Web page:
It’s been a long time since a migraine destroyed my mood like it did Tuesday. It was a scary reminder of the dark thoughts that accompany migraine mood changes.
I was fiddling with a picture for a post and minor frustrations had me nearly in tears. Hart fixed the problem while I sat beside him, closed my eyes and took deep breaths. My mind jumped from Photoshop to “Why can’t I get this diet figured out. What am I supposed to do when a food is OK on one day and then not the next time in the rotation? How am I supposed to eat anything? What if I don’t get it sorted out and the migraines come back full force? I don’t want to do that again.”
As my mind spiraled in fear, I reminded myself to not believe everything I think. Those thoughts I was having? They aren’t Truth, nor do they represent what I believe most of the time. I told myself, “This is migraine. This is migraine. This is migraine. This is not me.” Within minutes of remembering the critical distinction between me and migraine, all the anxiety and frustration melted away.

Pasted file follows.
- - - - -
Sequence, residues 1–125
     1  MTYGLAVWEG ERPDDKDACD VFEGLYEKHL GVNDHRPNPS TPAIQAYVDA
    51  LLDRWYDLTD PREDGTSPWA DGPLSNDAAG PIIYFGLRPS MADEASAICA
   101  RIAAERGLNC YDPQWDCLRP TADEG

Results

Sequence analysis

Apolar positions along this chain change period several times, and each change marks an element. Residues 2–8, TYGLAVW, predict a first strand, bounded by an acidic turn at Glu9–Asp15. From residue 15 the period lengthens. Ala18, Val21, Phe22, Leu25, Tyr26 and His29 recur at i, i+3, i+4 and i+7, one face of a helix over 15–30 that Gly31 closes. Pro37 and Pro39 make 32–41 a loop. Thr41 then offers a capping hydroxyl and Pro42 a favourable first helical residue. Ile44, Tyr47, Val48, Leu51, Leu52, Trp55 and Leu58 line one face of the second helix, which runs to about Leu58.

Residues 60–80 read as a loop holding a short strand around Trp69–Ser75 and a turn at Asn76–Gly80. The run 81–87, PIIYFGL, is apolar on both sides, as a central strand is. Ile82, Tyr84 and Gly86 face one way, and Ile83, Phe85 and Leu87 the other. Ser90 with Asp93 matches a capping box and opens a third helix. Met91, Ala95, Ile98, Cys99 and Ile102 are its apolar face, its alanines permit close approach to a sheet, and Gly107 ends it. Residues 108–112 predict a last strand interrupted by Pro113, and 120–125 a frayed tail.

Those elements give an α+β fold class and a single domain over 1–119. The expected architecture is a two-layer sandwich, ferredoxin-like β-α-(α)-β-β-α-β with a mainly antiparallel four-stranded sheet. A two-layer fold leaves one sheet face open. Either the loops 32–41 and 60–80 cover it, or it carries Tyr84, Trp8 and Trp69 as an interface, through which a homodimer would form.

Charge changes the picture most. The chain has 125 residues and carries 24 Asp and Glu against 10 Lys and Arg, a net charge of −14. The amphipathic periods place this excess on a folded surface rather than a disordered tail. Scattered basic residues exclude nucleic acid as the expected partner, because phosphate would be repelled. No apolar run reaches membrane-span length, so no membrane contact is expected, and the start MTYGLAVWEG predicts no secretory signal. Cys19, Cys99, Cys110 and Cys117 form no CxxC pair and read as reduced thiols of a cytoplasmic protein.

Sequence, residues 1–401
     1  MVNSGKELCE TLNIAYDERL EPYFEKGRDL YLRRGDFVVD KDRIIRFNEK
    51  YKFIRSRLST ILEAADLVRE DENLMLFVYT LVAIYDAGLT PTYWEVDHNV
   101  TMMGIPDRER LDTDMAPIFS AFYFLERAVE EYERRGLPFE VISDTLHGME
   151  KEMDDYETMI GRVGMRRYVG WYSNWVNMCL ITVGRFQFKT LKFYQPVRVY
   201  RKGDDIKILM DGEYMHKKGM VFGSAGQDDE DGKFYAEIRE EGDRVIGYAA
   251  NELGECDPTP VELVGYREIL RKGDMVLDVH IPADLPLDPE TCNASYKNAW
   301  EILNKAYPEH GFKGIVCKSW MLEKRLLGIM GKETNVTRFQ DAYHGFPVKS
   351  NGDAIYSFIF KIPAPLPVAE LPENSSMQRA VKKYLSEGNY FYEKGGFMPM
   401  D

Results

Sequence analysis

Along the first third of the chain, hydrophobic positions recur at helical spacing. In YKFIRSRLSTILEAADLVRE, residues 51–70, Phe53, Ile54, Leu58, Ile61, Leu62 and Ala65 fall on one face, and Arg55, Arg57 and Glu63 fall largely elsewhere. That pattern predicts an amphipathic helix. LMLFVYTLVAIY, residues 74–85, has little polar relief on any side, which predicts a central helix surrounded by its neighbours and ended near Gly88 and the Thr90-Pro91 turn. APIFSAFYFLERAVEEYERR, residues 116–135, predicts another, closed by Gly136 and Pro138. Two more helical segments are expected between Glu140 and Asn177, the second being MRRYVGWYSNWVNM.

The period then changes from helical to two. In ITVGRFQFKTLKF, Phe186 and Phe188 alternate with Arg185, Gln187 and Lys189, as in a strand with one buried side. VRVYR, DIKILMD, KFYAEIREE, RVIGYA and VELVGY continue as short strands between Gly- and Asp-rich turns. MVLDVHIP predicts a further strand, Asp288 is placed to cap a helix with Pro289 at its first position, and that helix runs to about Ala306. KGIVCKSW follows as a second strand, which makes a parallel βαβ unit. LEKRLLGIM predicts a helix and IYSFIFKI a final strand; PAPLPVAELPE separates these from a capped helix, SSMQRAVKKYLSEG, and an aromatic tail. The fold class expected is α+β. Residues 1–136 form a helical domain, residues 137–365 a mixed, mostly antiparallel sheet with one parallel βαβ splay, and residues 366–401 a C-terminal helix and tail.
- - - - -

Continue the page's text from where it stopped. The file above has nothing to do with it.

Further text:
Then I was amazed at how far I’ve come. When a migraine hijacked my mood even a couple years ago, I’d respond by dwelling on every dark thought that crossed my mind. Now I know to shut down those ruminations because they hurt far more than they help. Realizing I’ve learned to pay diligent attention and respond to all the minute migraine-induced changes (mood and otherwise) fills me with gratitude and pride.